How to Align Your Parenting Style with the Montessori Philosophy


baby with teddy bear

The Montessori method is becoming more and more popular, so it’s easy to see why parents around the world are curious about it. In order to strengthen the teachings of Montessori in the classroom, it’s important to uphold the philosophies of Maria Montessori at home too.

We put this article together in order to share nine of those philosophies—and to explain how you can extend the Montessori method into your home, where you can integrate it into your parenting style.

 

The Principles of Montessori

To follow are nine important principles of Montessori—philosophies that Dr. Maria Montessori believed in. By understanding these principles, you can learn how to navigate the world of Montessori with your child through parenting.

 

1. Provide freedom within limits.

Montessori places emphasis on freedom in many things. The freedom to explore, to be independent, and to be creative. But that allowance of freedom shouldn’t be confused with letting your child go wild.

In order to find a balance between an environment that’s too strict and once that’s uncontained, you must provide your child with safe opportunities. This is how your child learns to respect their surroundings and belongings and control their natural impulses. Children will learn to exercise freedom within these set limits.

 

2. Create a prepared environment.

Creating a prepared environment involves crafting an organized, purposeful space. This encourages freedom, and it also prompts children to get creative in a space where they feel comfortable and safe.

You can prepare an environment like this by setting up options for your child to play with and explore. For example, you could set up your child’s playroom with open shelving and organized toys so they can see their options in a clear and concise manner.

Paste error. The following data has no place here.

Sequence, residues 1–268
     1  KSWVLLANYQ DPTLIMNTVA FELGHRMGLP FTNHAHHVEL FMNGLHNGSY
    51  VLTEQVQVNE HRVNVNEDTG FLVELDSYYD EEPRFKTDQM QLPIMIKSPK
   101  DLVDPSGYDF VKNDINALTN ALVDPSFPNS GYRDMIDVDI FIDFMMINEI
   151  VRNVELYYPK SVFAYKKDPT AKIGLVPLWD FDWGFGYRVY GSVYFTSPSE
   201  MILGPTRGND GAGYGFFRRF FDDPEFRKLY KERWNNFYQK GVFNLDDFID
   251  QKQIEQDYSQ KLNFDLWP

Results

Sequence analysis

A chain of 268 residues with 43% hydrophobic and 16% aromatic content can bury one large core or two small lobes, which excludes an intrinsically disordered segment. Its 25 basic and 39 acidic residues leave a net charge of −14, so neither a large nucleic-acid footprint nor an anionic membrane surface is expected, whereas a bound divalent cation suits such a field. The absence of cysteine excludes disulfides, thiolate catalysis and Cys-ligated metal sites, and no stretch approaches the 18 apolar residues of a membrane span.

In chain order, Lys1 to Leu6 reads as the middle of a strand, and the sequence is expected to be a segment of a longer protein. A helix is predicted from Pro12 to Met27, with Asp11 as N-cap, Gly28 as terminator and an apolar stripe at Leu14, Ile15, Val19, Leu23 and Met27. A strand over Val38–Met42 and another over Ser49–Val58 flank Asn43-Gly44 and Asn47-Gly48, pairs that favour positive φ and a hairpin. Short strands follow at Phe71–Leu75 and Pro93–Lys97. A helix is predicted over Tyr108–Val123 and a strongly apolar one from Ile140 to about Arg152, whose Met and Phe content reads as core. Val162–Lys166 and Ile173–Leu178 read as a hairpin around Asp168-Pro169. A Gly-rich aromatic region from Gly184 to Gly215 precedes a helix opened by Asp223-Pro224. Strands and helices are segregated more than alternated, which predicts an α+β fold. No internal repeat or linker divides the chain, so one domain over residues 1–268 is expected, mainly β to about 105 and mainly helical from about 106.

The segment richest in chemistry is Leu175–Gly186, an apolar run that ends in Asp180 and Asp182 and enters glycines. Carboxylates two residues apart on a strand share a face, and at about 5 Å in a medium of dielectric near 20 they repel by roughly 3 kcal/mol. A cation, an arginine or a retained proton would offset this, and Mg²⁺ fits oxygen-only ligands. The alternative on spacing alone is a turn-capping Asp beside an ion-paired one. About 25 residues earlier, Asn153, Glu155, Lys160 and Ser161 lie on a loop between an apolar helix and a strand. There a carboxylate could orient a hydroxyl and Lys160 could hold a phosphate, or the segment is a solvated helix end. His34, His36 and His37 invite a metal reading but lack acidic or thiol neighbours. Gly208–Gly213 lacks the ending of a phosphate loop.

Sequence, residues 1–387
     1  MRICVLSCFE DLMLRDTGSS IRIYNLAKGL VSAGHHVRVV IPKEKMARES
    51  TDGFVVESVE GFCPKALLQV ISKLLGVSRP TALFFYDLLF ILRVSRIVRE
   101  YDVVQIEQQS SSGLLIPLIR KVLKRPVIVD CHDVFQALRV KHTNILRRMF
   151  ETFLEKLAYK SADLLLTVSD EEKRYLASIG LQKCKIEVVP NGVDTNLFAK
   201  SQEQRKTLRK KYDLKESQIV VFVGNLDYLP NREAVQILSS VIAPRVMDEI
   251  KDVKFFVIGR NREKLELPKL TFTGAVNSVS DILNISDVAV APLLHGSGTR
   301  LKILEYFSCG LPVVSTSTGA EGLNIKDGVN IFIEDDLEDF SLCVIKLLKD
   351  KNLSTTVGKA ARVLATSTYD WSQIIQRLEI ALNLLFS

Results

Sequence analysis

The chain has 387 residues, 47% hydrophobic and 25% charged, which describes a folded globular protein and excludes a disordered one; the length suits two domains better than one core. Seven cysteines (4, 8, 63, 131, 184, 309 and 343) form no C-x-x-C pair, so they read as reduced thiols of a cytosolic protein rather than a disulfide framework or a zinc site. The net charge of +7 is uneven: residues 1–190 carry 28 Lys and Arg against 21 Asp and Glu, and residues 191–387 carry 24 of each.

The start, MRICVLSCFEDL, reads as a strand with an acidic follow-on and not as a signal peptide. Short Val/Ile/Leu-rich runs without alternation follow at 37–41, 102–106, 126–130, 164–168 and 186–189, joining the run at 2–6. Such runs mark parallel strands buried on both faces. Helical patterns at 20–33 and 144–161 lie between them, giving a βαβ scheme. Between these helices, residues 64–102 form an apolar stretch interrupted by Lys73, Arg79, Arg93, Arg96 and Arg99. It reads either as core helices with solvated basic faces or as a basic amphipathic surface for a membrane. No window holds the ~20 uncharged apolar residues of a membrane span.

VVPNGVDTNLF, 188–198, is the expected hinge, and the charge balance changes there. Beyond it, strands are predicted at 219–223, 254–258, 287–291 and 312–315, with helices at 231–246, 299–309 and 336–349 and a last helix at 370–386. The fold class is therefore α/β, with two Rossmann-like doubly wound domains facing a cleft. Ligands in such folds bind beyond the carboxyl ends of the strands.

3. Practice observation.

Observation is a main point of the Montessori teachings—in fact, the entire method was created by watching children at play. As you observe your child, you can see how they’re developing, learn about their special interests, and understand what they are trying to learn.

Observing means viewing the world from your child’s perspective. This will give you insight into what’s going on inside their mind.

 

4. Provide a realistic world.

According to Montessori, children need to have a firm grasp on reality before they can understand fantasy. In order to give them this foundation, you can model everyday life and involve them in tasks like cooking, cleaning, reading, and playing outdoors.

 

5. Know that less is more.

It’s natural to want to give your child the world, but did you know that you can actually do more by providing them with less? If a child has fewer toys, they will get to know the ones they have much better. Also, too many toys can be overwhelming for a child, and they will spend less time playing/exploring than they will choosing what to play with.

Also, with fewer toys, children respect the value of them that much more.

 

6. Resist punishments and rewards.

Dr. Montessori held the viewpoint that punishments and rewards are not effective for children. Instead, she believed in “inner discipline,” which a child eventually learns through their burgeoning sense of responsibility.

When a child feels they are respected, they will respect their parents in return. While it’s okay to point out when a child has acted poorly, it’s more important to rely on the natural consequences of that action. For example, if they break a toy, they will no longer have it to play with.

It’s also not necessary to praise your child every time they do something good. Children are born with the innate desire to learn; they don’t need external motivation.

 

7. Emphasize natural materials.

Children have a natural connection to their senses, one that’s much stronger than that of adults. This is why Montessori teachings focus on items made of natural materials like wood and fabric over plastic. By supplying your child with a variety of items of different weights, sizes, colors, and textures, you can refine their senses and ignite their curiosity.

 

8. Implement work periods.

In a Montessori school, children focus on their work in periods up to three hours long. During this time, they can work at their own pace and do what feels right to them. By implementing times like this at home, you are helping your child’s concentration grow.

 

9. Understand sensitive periods.

Sensitive periods are when a child’s ability to master a skill increases dramatically. By recognizing these sensitive periods, you can feed into them and provide your child with the resources they need to nurture the information they are trying to gain.

 

Montessori at Home

In a Montessori school, these principles are put to work every single day, and you can do the same thing at home. By implementing these practices, you are strengthening your child’s independence and responsibility and nurturing their natural curiosity.

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